Our second aim was to elucidate the influence of the maternal microbiota on the offspring’s adaptive immune system. We performed comprehensive phenotyping of B and T cells from the offspring of gestationally colonized versus GF mothers. We also assessed the immunoglobulin repertoire used by various B cell subsets. We found evidence that both B- and T- cell responses in the offspring are indeed influenced by the maternal microbiota. We are now following up on how the maternal impact on adaptive immune responses relates to the colonization of the pups with their own microbiota as well as how these B- and T- cell responses are dependent on each other.
The third aim of the MEMORIS project was to understand how cues from the maternal microbiota shape the offspring’s disease susceptibility. We compared the course of disease models between offspring of gestationally colonized versus control mothers. To model inflammatory bowel disease, we exposed mice to dextran sulfate sodium which induces colitis. To study type 1 diabetes we used the non-obese diabetes (NOD) mouse model wherein mice progressively develop hyperglycemia. Under the tested conditions, there was no major role for the maternal microbiota as we observed similar disease parameters in offspring of gestationally colonized versus GF mothers.
We hypothesized that our inability to detect an impact of the maternal microbiota on disease susceptibility might be because transient exposure to E. coli does not fully recapitulate the effects of a diverse microbiota. As a mitigation strategy, we aimed to develop further auxotrophic bacterial strains that would transiently colonize GF mice and could be used for gestational colonization experiments. The effects of gestational colonization are largely mediated via bacterial metabolites that activate the aryl hydrocarbon receptor (AhR). As E. coli produces such metabolites at rather moderate levels, we chose a bacterium that synthesizes such ligands at greater rates. We engineered a novel auxotrophic strain of a Gram+ bacterium that is a natural colonizer of the mammalian intestine known to abundantly synthesize AhR ligands. It reversibly colonizes GF mice and induces specific immune responses. We aim to use this strain for gestational colonization experiments hypothesizing that the effects on the offspring will be different from and stronger than those exerted by E. coli. This novel tool will be exploited by immunologists beyond the scope of the MEMORIS project for the characterization of microbiota-directed immune responses.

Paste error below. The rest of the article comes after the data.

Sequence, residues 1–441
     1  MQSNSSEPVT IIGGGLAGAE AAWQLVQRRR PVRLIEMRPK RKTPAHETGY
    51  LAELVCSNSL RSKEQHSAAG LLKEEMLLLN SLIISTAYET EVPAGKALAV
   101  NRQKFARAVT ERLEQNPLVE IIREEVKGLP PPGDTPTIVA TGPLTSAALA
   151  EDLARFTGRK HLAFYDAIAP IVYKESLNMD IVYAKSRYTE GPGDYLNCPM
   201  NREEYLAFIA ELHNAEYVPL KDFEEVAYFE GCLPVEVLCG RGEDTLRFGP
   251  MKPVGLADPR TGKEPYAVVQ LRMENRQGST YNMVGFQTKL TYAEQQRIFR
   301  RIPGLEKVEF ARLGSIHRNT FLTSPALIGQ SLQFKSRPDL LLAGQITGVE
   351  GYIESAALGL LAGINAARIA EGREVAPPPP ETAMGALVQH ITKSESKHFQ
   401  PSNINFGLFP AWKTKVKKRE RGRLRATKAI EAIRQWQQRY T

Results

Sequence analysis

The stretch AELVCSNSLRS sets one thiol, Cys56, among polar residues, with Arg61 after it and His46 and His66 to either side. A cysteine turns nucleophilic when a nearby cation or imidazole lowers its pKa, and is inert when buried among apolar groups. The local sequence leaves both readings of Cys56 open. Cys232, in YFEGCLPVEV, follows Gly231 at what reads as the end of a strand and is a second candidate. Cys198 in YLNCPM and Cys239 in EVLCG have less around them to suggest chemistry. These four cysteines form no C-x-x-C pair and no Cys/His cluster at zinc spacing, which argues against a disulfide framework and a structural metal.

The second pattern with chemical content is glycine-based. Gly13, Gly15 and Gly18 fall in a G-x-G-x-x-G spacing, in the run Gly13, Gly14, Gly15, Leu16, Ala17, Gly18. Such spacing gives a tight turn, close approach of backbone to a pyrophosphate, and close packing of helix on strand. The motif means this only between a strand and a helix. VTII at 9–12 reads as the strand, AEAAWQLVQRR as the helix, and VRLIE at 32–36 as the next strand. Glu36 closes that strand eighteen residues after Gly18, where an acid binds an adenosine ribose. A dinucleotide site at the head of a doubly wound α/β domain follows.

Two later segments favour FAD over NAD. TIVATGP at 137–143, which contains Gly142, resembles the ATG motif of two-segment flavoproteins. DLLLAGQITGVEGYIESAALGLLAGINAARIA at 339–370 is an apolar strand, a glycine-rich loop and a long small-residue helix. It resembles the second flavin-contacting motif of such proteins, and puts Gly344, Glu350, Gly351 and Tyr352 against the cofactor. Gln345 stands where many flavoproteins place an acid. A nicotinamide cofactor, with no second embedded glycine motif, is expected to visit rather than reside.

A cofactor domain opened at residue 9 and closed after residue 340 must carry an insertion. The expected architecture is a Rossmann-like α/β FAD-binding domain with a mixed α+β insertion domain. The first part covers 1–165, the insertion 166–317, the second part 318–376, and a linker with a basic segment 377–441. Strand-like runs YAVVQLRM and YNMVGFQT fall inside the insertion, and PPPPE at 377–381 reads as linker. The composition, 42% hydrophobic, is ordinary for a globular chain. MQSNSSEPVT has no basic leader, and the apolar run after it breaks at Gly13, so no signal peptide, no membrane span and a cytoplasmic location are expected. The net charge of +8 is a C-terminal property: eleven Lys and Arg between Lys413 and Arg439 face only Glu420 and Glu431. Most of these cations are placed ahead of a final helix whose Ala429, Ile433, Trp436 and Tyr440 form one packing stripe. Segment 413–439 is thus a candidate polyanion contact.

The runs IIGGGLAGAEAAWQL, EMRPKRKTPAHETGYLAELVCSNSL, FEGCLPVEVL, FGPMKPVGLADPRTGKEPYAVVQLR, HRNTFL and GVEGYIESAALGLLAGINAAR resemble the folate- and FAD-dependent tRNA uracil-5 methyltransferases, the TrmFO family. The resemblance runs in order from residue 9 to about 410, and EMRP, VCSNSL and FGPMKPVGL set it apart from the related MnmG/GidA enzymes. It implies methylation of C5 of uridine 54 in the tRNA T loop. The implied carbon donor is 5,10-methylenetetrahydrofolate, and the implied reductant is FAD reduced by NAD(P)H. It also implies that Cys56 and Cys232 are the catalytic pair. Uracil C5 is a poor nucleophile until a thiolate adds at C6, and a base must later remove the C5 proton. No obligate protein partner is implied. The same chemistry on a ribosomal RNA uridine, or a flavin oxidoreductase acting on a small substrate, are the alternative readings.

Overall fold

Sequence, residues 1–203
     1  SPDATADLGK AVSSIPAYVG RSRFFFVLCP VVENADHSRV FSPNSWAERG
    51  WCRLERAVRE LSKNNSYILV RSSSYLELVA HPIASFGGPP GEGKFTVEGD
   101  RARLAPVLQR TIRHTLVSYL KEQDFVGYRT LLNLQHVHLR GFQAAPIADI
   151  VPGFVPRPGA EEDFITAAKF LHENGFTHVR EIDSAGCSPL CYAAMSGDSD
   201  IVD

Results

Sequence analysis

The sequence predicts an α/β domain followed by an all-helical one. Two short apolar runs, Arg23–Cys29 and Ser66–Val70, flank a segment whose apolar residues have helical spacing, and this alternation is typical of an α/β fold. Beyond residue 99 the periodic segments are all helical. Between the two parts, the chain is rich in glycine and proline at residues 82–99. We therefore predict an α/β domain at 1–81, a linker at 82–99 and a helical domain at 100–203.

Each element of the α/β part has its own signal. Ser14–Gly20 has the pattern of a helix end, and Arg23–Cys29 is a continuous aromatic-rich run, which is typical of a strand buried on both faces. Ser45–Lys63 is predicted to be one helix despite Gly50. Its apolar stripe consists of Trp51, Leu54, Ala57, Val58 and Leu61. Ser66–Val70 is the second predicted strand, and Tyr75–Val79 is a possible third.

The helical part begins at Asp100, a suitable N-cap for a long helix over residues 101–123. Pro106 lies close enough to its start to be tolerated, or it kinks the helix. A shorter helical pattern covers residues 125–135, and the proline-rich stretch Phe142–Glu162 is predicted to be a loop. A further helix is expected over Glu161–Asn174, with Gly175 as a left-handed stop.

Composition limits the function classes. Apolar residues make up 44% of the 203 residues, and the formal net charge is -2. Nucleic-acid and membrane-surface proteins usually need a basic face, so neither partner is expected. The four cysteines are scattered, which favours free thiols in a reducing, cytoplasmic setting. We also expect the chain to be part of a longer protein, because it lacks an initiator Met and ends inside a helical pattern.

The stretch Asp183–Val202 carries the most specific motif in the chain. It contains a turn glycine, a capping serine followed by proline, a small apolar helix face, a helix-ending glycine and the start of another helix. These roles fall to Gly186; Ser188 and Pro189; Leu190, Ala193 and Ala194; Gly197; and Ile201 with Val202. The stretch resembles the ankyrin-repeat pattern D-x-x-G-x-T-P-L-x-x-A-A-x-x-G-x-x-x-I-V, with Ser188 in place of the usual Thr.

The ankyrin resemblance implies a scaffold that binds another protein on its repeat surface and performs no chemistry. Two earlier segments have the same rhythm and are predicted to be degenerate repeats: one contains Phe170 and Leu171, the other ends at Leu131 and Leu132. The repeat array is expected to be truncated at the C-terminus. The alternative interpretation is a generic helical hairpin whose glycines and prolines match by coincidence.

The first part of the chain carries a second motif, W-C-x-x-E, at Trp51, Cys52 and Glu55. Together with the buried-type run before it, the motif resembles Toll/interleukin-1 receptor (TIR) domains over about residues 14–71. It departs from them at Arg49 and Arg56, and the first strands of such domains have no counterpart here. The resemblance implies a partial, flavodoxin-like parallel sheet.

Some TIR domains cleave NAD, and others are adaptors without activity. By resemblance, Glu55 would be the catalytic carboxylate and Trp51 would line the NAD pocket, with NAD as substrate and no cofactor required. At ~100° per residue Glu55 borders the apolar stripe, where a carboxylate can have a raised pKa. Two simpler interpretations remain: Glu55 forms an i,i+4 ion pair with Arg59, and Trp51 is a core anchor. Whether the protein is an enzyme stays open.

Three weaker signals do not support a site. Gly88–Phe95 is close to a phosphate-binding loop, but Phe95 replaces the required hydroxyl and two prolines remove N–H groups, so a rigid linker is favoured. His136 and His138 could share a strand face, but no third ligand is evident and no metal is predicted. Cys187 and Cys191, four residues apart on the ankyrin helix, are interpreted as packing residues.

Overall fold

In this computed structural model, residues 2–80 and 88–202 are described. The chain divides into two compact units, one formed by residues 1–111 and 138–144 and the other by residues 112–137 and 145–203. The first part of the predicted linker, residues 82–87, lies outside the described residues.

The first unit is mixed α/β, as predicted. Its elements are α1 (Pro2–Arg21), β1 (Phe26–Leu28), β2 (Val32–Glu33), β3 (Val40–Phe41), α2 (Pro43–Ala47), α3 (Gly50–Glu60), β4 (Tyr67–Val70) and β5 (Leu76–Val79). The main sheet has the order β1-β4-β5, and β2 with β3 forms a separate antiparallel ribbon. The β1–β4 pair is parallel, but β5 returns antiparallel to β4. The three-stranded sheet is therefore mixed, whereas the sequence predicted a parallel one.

Overall, the MEMORIS project yielded fresh insights into the role of the maternal microbiota especially for the adaptive immune system of the offspring which are now subject to further investigation. It also yielded a series of novel research tools exploitable by scientists from various fields such as the new auxotrophic bacterial strain that reversibly colonizes GF mice. Until the end of the project, we expect that mimicking the maternal microbiota with our novel auxotrophic strain will uncover the implications of gestational cues from the mother's intestinal microbiota for the offspring's disease susceptibility. The in vivo application of Record-seq E. coli to assess gut function in a non-invasive manner will not only facilitate host-microbe mutualism research but also have direct implications for human health when applied as a living diagnostic in the future.